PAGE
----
Many children with physical disabilities participate in therapeutic horseback riding programs and there are reportedly many health benefits to this activity. However, there is a lack of research evidence to support these anecdotal claims, especially in psychological and social outcome areas.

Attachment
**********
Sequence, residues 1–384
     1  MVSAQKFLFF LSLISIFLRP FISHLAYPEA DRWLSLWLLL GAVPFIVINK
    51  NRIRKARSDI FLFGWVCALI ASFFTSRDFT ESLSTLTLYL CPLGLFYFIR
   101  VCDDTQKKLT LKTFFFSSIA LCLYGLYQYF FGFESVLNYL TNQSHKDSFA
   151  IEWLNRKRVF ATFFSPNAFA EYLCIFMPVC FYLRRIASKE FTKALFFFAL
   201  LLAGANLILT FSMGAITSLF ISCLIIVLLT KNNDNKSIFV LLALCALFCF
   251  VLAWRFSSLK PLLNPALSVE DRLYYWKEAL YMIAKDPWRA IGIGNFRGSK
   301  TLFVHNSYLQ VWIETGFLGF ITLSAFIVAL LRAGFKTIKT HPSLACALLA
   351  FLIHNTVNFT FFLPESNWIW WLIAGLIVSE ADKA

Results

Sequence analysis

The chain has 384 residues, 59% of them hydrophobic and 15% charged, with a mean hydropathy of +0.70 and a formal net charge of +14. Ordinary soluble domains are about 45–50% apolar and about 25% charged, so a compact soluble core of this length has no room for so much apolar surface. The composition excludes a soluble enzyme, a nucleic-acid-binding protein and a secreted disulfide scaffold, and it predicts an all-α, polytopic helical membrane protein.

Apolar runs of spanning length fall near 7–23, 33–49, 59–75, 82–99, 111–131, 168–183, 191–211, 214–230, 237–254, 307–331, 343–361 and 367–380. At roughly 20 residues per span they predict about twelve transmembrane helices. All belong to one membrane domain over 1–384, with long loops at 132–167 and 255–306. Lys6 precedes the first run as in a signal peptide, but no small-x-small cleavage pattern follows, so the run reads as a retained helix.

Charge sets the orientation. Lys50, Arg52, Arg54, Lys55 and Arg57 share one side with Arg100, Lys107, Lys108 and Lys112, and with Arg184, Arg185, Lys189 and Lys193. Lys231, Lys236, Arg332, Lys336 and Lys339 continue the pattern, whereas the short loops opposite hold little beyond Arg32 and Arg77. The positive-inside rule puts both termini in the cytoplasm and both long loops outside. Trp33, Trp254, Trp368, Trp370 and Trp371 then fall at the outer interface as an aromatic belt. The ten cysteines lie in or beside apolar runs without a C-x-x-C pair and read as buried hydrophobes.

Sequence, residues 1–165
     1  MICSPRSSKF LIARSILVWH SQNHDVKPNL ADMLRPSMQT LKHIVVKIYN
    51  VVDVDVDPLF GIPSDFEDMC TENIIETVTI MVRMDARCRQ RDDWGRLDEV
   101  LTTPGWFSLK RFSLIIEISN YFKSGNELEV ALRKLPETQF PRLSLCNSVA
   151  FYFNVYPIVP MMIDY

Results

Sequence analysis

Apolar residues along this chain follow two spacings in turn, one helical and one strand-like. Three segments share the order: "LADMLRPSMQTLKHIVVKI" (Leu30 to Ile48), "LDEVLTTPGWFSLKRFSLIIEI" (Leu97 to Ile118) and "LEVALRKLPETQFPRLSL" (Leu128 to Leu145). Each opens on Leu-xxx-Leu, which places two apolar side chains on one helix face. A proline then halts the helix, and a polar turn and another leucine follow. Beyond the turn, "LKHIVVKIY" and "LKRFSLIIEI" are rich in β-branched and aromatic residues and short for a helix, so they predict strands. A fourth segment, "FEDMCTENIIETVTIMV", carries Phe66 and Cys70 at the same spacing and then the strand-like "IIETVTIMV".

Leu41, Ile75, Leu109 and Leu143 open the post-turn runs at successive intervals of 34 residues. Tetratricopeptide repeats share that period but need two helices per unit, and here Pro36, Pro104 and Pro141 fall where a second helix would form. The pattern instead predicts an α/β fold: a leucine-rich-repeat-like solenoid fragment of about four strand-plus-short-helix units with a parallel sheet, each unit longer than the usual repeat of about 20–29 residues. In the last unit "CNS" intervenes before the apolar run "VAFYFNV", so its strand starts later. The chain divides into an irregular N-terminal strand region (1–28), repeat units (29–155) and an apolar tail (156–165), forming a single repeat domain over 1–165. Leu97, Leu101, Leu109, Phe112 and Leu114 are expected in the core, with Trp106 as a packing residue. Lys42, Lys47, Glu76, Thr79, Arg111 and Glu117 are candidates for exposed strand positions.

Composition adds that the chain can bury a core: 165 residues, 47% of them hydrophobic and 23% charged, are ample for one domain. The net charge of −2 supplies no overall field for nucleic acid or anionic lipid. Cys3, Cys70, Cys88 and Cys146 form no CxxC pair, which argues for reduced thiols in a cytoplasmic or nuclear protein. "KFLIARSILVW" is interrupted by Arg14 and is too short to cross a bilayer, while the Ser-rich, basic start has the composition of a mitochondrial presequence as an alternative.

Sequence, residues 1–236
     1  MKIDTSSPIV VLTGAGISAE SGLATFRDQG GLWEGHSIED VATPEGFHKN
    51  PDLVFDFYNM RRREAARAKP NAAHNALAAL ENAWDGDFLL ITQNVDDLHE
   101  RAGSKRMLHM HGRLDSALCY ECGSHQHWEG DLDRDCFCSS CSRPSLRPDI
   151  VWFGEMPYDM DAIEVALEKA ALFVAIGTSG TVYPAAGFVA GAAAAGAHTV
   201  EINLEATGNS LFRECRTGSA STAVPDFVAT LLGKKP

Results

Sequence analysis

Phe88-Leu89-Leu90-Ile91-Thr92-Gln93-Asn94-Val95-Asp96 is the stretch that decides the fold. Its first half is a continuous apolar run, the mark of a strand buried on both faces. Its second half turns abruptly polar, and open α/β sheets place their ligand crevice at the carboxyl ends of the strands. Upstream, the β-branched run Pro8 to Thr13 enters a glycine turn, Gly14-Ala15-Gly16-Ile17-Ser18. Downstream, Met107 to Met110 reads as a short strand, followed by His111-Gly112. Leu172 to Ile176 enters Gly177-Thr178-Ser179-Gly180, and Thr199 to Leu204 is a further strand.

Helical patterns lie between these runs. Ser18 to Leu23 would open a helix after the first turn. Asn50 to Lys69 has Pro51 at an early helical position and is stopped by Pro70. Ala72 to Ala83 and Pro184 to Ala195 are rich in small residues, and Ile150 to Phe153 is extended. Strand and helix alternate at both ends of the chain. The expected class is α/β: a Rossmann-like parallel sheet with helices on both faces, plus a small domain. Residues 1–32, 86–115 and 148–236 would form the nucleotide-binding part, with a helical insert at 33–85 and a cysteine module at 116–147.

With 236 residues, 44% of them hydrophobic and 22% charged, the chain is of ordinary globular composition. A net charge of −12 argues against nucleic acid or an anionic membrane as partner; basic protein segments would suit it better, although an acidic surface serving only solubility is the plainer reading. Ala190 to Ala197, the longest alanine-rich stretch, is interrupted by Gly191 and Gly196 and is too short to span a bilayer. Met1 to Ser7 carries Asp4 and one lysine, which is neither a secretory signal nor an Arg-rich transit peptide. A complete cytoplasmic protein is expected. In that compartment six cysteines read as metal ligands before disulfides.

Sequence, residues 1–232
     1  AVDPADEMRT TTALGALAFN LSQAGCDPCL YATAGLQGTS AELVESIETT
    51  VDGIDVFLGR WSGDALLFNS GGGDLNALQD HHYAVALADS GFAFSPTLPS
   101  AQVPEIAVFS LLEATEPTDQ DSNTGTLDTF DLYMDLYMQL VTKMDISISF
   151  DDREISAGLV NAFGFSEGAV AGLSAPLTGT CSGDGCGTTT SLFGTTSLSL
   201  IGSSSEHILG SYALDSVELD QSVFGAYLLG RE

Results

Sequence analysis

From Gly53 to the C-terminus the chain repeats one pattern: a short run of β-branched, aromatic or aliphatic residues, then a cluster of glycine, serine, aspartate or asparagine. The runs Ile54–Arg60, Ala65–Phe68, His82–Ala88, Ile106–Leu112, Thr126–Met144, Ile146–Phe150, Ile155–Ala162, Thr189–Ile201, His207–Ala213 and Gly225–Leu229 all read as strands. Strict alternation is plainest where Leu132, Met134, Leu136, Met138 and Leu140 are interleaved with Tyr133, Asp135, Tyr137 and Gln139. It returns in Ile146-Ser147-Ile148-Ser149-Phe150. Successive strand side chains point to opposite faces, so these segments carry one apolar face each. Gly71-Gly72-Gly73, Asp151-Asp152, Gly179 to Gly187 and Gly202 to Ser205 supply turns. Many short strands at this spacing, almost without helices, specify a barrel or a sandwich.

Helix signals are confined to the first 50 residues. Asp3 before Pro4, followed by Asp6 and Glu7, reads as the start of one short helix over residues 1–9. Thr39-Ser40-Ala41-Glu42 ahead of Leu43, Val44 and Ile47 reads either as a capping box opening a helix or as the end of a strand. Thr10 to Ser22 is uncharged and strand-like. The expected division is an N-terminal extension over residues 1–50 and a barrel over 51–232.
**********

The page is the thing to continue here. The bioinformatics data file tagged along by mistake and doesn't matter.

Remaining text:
We studied the effects of participation in a 9-12 week therapeutic horseback riding program for children with cerebral palsy focusing on three aspects of health functioning; psychological, and social and physical. Specifically, looking at overall wellbeing, social inclusion, fatigue and pain levels, social inclusion and perceived independence in daily life roles. A mixture of questionnaires and interviews were used to best capture these factors, which have not been previously studied. Children ages 5-12 with a primary diagnosis of cerebral palsy who were participating in a therapeutic horseback riding program in Fall 2020 were recruited from two therapeutic riding centres in Southwestern Ontario. The children completed an electronic questionnaire at two separate time points and participated in a virtual interview after the 9-12 week therapeutic riding program, parental input was welcomed.
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